ONTARIO — The Ontario government has developed a plan for the gradual and safe resumption of in-person instruction at postsecondary institutions across the province for the summer term. The plan was developed in consultation with the Chief Medical Officer of Health.
Starting in July, limited in-person education and training may restart for students who were not able to graduate due to COVID-19 closures. This first phase will allow institutions to reopen to provide in-person instruction to students in essential, frontline, and high labour market demand areas, such as nursing, personal support workers, engineering, and other critical professions. Thousands of students across the province could benefit from this summer’s reopening.
In September, all students will have the opportunity to attend postsecondary education through virtual learning, in-class instruction, or hybrid formats.
“Whether it’s donating PPE, researching a vaccine or treatment, or helping with contact tracing, our students, researchers and postsecondary community in Ontario have stepped up in a big way to support our frontline health care workers in response to COVID-19,” said Premier Doug Ford. “Now, we have to have their backs and make sure our students can keep learning, in class or virtually, and become the next generation of frontline heroes, innovators and community builders.”
The limited summer reopening will help individual institutions prepare for the fall term by ensuring proper health and safety protocols are in place. The province is developing a framework to be released to the sector in the coming days, which will provide guidance on the summer reopening and on health and safety measures.
“We’re pleased the government continues to demonstrate such strong support for colleges and to ensure students complete their programs, particularly in areas where there is a clear demand for more graduates. Throughout Ontario, faculty and staff have found creative and effective ways to continue delivering high-quality programs. We’re excited to be collaborating with the government on further measures to modernize post-secondary education, including creating more opportunities for people who need to retrain for new careers during Ontario’s economic recovery,” says Linda Franklin, President and CEO, of Colleges Ontario.
Publicly assisted colleges and universities, Indigenous Institutes, private career colleges and other postsecondary education institutions may participate in this voluntary reopening. Institutions that choose to participate will be responsible for establishing their own plans for this limited reopening in accordance with public health advice and any ministry guidance.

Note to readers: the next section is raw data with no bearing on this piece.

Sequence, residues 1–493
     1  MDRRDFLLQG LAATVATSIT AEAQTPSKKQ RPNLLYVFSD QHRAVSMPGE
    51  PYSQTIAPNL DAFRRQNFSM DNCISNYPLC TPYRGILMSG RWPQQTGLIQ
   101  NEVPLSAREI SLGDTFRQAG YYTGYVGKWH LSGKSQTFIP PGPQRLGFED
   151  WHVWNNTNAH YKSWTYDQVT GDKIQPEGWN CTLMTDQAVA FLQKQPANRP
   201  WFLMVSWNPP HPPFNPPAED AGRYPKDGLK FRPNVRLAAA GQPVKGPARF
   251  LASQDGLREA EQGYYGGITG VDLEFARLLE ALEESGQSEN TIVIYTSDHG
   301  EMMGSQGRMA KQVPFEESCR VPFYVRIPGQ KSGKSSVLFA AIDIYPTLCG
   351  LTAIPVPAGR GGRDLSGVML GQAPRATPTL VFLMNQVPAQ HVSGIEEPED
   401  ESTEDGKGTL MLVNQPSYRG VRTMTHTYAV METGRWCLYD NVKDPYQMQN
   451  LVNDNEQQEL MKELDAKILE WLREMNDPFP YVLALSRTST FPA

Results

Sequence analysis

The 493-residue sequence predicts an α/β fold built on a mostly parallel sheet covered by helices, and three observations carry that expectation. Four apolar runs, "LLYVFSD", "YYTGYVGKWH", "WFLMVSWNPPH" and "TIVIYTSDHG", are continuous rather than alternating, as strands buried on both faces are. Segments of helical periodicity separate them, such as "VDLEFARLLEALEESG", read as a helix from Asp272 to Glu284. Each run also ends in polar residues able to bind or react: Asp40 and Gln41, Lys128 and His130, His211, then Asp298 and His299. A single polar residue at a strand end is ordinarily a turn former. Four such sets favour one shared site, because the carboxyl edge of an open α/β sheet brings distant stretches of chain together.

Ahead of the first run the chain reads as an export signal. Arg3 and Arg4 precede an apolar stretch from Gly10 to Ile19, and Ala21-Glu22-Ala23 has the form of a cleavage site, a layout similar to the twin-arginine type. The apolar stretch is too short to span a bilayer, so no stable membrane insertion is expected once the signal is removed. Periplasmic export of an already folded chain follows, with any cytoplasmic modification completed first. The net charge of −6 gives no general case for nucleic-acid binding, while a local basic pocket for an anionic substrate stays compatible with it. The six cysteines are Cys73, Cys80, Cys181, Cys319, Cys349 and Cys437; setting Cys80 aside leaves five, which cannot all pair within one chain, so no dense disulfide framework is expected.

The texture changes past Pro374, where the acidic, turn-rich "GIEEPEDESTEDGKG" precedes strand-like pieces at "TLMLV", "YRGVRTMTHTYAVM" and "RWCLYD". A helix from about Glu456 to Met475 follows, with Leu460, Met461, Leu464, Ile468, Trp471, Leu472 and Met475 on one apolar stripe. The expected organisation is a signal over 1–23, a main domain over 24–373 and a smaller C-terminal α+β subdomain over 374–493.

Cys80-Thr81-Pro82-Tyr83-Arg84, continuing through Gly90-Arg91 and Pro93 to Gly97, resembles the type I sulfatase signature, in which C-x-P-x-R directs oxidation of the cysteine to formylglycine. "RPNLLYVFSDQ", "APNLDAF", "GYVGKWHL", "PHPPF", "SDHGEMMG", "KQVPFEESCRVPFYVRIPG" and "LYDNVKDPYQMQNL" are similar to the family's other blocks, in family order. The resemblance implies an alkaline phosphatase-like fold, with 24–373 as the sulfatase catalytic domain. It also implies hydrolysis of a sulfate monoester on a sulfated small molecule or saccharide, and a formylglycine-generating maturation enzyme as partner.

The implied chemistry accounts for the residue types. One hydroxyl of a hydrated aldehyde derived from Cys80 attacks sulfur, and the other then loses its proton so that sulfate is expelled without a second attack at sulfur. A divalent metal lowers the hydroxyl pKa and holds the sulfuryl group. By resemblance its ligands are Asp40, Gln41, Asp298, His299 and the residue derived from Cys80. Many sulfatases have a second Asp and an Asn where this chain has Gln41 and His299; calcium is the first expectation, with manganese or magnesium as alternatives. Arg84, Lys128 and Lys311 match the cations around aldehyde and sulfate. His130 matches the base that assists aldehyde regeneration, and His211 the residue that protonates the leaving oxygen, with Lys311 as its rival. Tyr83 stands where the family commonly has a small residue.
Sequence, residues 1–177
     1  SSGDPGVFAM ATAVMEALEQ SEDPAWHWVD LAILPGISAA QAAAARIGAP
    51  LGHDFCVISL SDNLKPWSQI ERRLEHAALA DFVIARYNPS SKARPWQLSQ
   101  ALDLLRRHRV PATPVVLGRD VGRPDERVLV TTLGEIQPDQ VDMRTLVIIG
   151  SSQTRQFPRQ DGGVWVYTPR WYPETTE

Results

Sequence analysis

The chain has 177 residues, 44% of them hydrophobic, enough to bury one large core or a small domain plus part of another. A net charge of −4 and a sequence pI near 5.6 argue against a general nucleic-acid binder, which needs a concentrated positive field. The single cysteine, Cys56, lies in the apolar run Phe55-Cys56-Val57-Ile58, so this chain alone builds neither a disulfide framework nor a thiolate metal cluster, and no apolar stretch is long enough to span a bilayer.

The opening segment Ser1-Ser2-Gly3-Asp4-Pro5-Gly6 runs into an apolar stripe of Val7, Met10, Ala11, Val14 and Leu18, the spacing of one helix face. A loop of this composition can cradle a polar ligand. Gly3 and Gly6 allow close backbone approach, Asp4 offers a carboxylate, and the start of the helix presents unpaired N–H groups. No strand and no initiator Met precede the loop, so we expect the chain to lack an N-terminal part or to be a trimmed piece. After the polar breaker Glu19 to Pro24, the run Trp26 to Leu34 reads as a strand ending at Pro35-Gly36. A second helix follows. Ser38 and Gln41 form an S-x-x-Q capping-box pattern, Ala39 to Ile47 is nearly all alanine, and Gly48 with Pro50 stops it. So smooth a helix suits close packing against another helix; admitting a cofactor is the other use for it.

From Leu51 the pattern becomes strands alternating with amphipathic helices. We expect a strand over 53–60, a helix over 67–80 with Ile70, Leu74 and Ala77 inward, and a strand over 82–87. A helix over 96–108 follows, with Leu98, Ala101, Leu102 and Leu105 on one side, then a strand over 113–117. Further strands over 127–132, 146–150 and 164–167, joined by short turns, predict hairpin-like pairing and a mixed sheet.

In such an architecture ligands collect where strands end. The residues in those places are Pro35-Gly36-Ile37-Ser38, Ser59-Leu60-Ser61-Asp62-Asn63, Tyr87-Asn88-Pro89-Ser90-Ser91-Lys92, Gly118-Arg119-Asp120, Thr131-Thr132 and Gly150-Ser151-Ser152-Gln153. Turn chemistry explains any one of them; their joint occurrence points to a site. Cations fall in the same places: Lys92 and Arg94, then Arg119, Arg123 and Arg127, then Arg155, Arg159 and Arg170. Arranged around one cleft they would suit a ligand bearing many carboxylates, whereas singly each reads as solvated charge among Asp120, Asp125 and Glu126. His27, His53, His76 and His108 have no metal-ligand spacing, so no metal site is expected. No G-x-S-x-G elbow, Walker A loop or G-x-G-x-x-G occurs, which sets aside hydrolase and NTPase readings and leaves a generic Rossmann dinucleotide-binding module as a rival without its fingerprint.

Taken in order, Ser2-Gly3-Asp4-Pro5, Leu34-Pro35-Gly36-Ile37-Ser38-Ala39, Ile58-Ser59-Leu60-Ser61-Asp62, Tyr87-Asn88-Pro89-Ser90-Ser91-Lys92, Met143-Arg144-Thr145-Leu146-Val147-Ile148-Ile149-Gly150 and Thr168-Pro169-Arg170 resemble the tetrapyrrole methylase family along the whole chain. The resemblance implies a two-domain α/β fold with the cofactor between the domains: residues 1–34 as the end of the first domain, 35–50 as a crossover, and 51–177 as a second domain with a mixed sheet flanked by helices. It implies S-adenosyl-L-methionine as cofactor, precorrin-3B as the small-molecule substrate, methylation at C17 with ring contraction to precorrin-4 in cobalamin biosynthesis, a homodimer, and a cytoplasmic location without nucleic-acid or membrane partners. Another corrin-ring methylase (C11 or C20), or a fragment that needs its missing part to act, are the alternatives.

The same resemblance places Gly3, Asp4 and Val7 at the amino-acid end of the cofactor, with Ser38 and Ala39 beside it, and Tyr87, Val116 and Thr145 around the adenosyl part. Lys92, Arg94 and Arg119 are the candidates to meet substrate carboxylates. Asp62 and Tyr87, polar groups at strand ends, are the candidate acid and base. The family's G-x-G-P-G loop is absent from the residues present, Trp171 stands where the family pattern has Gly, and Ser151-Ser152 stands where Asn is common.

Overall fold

“The health and safety of our students, faculty and staff remains a top priority for Ontario’s universities. Our institutions will continue to work diligently to provide the safest options for summer and fall enrolment that both align with public health regulations and ensure students continue to receive a high quality education and an enriching university experience that ensures they graduate with the adaptable skills required to help retool and reimagine industries, stimulate economic growth and rebuild Ontario,” insisted David Lindsay, President & CEO, Council of Ontario Universities.
“It’s critical that we allow students to complete their studies and graduate so they can join the workforce in high-demand, frontline roles and help put the province back on the path to prosperity,” said Ross Romano, Minister of Colleges and Universities. “I will continue to collaborate with the postsecondary sector to determine how best to move forward on reopening our campuses in the fall and beyond in a way that is responsible and safe for our students and staff.”
“Our students and healthcare providers in Stormont-Dundas-South Glengarry will definitely benefit by this announcement, not only by accessing Cornwall’s St. Lawrence College online but also in other post-secondary institutions,” said MPP Jim McDonell.
In order to maintain Ontario’s position as a global leader in higher education and research, the government will also begin working on a digital and academic modernization framework this summer. Through this exercise, it will look at unlocking the potential of virtual learning, adapting postsecondary education and training to meet the needs of a rapidly changing job market and economy, increasing the accountability of postsecondary education, developing the necessary physical and digital infrastructure, and fully realizing the value of research, innovation, and intellectual property licensing in the domestic and global marketplace.